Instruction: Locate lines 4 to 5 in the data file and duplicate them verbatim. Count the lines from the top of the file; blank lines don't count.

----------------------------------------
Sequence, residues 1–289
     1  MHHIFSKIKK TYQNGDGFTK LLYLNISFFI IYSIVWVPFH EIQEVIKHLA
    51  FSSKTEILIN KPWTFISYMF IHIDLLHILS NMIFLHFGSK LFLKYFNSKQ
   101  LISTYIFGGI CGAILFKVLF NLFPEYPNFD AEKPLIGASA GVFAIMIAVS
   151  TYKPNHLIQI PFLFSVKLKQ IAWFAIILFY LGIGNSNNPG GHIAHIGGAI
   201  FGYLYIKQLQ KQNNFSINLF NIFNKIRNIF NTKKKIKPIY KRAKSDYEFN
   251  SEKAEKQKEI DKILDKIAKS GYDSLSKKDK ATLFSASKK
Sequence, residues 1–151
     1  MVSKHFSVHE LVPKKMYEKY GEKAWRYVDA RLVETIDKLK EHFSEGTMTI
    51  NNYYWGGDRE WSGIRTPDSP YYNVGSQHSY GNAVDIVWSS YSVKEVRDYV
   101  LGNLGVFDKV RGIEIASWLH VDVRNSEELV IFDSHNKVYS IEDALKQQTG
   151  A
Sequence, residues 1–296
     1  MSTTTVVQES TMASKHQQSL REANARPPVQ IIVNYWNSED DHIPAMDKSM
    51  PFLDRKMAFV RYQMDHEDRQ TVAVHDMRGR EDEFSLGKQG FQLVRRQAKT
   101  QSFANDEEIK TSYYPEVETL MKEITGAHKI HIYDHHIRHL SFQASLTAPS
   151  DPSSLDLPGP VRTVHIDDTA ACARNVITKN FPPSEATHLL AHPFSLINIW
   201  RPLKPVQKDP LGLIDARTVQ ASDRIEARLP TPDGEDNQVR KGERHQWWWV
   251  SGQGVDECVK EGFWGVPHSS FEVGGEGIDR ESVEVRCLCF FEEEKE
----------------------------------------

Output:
   101  LISTYIFGGI CGAILFKVLF NLFPEYPNFD AEKPLIGASA GVFAIMIAVS
   151  TYKPNHLIQI PFLFSVKLKQ IAWFAIILFY LGIGNSNNPG GHIAHIGGAI